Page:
May 10, 2013 32 Comments
More images from Keukenhof. If you are unable to make it to Holland in spring, let me bring Holland to you with these pictures…
and loving it
May 8, 2013 71 Comments
After a bit of absence from this space, I am back with some colorful spring pictures from our trip to Keukenhof last Sunday. Weather was fantastic with lots of sunshine, blue skies and pleasantly warm temperature. Spring has finally arrived after the long wait!
We were there at 11 in the morning but the park was already bursting with visitors from all over the world. Funny enough, it was like being at a UN summit in a park setting.
Perfect time to be at Keukenhof as most of the blooms are already out and at their prettiest. My fingers kept on clicking so this post and the several to follow will be from this one lovely spring outing.
April 14, 2013 56 Comments
It’s springtime again and I can’t believe how fast the year went by. It’s been almost a year since we made this amazing journey through time by boat and steam train through the Medieval towns of Enkhuizen, Medemblik and Hoorn in the province of North Holland (West Friesland to many). This is one exciting journey to take if you happen to be in Holland in springtime because the whole trip takes just a day and these towns are within easy reach from Amsterdam. From Amsterdam to Hoorn, a direct train ride takes about 33 minutes and costs € 7.60. From Hoorn, you can then take the steam train to Medemblik and from Medemblik there is the museum boat that will take you to Enkhuizen. From Enkhuizen, you can take a direct train to Amsterdam that will take about 58 minutes and costs € 10.30. Here’s the link to the Dutch railway: www.ns.nl
I got the idea to do this trip from a colleague of mine who lives in Hoorn which in spring, is lovely to visit passing through tulip fields that seem to go on forever. For more information, here’s the link to the site of the museum: http://www.museumstoomtram.nl/en
Because our originating place was Dronten where my parents-in-law live, we approached the trip from the other way around. Our journey started in Enkhuizen where we boarded the museum boat “Friesland” headed to Medemblik. The trip was a very sentimental journey for my parents-in-law who used to travel in this very same boat over 40 years ago when they lived for a while in the island of Terschelling and this boat was still plying the Harlingen-Terschelling route. My husband, then the same age as Francesca also travelled in this boat so you can just imagine how sentimental that is. My parents-in-law checked out the boat and were amazed that many of the original features were still very much intact. The whole boat trip took a good hour so when we arrived in Medemblik, we looked for a restaurant to have a quick lunch to be in time for the steam train trip that will take us to Hoorn. We opted for a typical Dutch lunch favorite, the “Uitsmijter” which consisted of bread slices topped with ham, fried eggs, grated cheese with tomatoes and cucumber on the side. Francesca found another use for the cucumber though.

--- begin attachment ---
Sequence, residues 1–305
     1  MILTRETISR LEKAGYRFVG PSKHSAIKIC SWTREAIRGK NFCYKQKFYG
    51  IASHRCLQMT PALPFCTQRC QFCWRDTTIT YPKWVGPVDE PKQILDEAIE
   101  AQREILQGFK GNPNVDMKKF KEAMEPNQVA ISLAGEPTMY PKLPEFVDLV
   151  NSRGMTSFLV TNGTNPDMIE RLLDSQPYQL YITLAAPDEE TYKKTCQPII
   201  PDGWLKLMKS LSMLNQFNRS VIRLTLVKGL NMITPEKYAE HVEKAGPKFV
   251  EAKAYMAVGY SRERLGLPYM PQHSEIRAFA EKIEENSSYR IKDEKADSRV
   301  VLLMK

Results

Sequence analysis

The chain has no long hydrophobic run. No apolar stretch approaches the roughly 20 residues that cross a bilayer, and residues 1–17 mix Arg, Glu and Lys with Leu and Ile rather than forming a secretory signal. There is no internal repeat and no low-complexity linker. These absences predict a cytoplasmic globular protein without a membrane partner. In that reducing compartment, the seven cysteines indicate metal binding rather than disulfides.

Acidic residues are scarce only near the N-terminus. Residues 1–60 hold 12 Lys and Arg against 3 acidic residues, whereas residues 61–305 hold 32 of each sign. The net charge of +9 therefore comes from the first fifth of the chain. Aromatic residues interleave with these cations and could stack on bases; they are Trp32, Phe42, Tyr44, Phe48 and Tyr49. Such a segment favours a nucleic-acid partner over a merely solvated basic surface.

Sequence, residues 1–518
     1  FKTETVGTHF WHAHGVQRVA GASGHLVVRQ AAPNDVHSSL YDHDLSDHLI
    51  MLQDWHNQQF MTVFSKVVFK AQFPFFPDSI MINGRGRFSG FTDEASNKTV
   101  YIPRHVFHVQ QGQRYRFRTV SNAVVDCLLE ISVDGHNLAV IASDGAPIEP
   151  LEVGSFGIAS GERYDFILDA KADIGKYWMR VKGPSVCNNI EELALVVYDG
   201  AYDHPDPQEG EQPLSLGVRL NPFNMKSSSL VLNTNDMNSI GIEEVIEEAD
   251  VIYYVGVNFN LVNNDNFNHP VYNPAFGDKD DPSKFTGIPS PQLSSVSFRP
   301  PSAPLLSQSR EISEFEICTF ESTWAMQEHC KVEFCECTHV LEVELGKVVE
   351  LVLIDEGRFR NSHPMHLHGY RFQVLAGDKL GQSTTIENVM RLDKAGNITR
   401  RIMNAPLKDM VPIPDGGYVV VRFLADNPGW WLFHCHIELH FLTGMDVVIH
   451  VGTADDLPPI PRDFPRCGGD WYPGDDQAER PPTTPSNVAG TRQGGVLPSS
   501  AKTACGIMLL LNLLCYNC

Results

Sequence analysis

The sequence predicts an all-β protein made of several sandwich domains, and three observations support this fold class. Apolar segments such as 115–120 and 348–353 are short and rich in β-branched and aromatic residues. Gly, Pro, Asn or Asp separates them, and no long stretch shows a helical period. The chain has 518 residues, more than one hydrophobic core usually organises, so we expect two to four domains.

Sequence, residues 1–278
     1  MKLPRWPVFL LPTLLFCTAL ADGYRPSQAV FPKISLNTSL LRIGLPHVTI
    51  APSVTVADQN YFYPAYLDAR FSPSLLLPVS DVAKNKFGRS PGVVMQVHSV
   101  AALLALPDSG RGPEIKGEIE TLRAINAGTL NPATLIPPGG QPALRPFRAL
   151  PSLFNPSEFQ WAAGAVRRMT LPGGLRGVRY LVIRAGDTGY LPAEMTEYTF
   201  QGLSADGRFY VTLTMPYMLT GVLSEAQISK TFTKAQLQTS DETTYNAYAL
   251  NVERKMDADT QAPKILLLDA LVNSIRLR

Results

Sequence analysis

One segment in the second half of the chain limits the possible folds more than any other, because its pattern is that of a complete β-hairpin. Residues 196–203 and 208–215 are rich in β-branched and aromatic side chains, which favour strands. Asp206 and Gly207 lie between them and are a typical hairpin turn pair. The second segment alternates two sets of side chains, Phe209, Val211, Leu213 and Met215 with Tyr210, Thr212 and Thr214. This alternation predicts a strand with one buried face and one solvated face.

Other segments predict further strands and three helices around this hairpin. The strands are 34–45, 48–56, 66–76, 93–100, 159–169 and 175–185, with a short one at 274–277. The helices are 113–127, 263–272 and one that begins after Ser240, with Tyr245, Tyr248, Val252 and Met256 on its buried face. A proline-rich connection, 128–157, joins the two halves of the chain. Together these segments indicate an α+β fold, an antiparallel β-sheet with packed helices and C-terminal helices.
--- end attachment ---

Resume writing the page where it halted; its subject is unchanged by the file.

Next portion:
The steam train journey was interesting as we were joined by museum volunteers who were dressed in period costumes. They were very enthusiastic at explaining the culture, norms and traditions of the people in West Friesland back then. Another interesting aspect of this train journey was the amazing landscape we passed through — from tulip fields in full bloom to orchards and quaint villages. Too bad that the weather was not on our side though.
April 6, 2013 55 Comments
Every country seems to have peculiarities in observing religious holidays. In the Philippines where I grew up, Good Friday is a holiday. Apart from church activities like the observance of the “Seven Last Words”, the country comes to a standstill. Basically all establishments from schools, offices, shops, etc. are closed for business on this day. Activities would resume to full speed comes Easter Sunday when everyone feels that as the right time because “Christ is risen after triumph over death”. The opposite is true here in Holland because for many establishments except schools and banks, Good Friday is a normal working day. Easter Sunday and the Monday after, on the other hand, are observed as religious holidays. Second Easter day is like Sunday with all establishments closed for business. It is on this chilly second Easter day that I will take you with me to a little known charming place here in Holland called Elburg.
After the Easter egg hunt and dropping over at the place of my friend Marie for Easter dinner, we went over to my parents-in-law’s place to spend the night and celebrate second Easter day together with a nice brunch. It was a beautiful day, the sun shining brightly that it was a pity to spend the day indoor. We opted to go out for a bit of fresh air and headed to the lovely Medieval town of Elburg, just some 11 kms. from my in-law’s place. Francesca was happy to stay with Opa and Oma.